Flora...reflected that religious maniacs derived considerable comfort from digging into their motives for their actions and discovering discreditable reasons which covered them with good, satisfying sinfulness in which they could wallow to their heart's content.
Flora's observation of the congregation:
It compared most favourably with audiences she had studied in London; and particularly with an audience seen once — but only once — at a Sunday afternoon meeting of the Cinema Society to which she had, somewhat unwillingly, accompanied a friend who was interested in the progress of the cinema as an art.
That audience had run to beards and magenta shirts and original ways of arranging its neckwear; and not content with the ravages produced in its over-excitable nervous system by the remorseless workings of its critical intelligence, it had sat through a film of Japanese life called 'Yes', made by a Norwegian film company in 1915 with Japanese actors, which lasted an hour and three-quarters and contained twelve close-ups of water-lilies lying perfectly still on a scummy pond and four suicides, all done extremely slowly.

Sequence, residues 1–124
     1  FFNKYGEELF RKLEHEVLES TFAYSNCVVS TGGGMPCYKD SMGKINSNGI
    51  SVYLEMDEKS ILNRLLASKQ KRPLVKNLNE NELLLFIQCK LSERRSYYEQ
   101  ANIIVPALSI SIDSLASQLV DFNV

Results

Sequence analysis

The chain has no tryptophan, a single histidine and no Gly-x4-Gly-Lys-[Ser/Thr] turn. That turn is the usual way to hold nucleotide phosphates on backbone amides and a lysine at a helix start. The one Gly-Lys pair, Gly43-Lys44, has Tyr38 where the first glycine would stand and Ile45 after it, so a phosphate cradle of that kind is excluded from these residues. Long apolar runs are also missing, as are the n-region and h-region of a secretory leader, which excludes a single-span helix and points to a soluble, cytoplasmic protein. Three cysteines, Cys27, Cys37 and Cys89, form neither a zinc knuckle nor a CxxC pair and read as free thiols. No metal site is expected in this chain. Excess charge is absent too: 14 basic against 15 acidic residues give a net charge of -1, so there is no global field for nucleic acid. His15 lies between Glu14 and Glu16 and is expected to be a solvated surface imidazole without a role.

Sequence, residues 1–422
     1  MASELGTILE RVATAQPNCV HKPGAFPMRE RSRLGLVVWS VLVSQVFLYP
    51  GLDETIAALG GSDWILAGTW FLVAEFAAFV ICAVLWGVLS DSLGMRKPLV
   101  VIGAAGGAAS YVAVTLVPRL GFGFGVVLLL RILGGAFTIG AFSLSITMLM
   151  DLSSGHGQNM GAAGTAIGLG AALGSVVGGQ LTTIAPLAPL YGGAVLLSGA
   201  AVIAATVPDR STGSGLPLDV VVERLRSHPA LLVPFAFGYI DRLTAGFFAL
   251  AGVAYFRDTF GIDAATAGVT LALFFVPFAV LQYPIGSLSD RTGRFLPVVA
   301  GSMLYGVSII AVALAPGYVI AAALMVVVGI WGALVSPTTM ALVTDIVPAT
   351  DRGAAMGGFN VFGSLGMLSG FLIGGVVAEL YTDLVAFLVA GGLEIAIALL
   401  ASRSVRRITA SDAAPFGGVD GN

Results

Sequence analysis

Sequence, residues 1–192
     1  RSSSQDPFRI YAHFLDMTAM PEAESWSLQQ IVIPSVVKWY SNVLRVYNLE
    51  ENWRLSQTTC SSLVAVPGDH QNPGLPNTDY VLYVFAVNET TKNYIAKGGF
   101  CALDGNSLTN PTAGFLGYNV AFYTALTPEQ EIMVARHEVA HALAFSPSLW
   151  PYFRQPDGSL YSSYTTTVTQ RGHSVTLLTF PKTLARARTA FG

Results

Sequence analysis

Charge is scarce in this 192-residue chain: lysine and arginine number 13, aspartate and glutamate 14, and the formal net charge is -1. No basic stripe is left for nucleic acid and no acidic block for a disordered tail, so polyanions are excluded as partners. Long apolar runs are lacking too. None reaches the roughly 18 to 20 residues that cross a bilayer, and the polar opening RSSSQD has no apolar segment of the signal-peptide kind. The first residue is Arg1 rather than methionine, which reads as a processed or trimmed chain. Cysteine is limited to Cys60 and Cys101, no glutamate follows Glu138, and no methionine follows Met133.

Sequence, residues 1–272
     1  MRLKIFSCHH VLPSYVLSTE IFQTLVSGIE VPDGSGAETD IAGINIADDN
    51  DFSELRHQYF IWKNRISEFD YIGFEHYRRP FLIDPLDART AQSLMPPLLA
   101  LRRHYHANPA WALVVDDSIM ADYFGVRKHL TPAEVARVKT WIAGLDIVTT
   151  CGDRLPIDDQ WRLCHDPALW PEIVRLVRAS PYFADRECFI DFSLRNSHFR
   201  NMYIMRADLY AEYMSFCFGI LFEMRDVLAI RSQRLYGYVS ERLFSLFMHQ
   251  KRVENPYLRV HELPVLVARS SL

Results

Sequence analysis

All around her (Flora pensively recalled) people were muttering how lovely were its rhythmic patterns and what an exciting quality it had and how abstract was it formal decorative shaping.
Later, as Flora educates Elfine:
In the evening, she proposed that the three of them should visit the Pit Theatre, in Stench Street, Seven Dials, to see a new play by Brandt Slurb called 'Manallalive-O!', a Neo-Expressionist attempt to give dramatic form to the mental reactions of a man employed as a waiter in a restaurant who dreams that he is the double of another man who is employed as a steward on a liner, and who, on awakening and realizing that he is still a waiter employed in a restaurant and not a steward employed on a liner, goes mad and shoots his reflection in a mirror and dies. It had seventeen scenes and only one character. A pest-house, a laundry, a lavatory, a court of law, a room in a leper's settlement and the middle of Piccadilly Circus were included in the scenes.
'Why,' asked Julia, 'do you want to see a play like that?'
'I don't, but I think it would be so good for Elfine, so that she will know what to avoid when she is married.'
And finally, towards the end of the climactic scene where Aunt Ada Doom has been trying to force everyone to bend to her will:
Flora was desperately sleepy: she felt as though she were at one of Eugene O'Neill's plays; that kind that goes on for hours and hours and hours, until the R.S.P.C Audiences batters the doors of the theatre in and insists on a tea interval.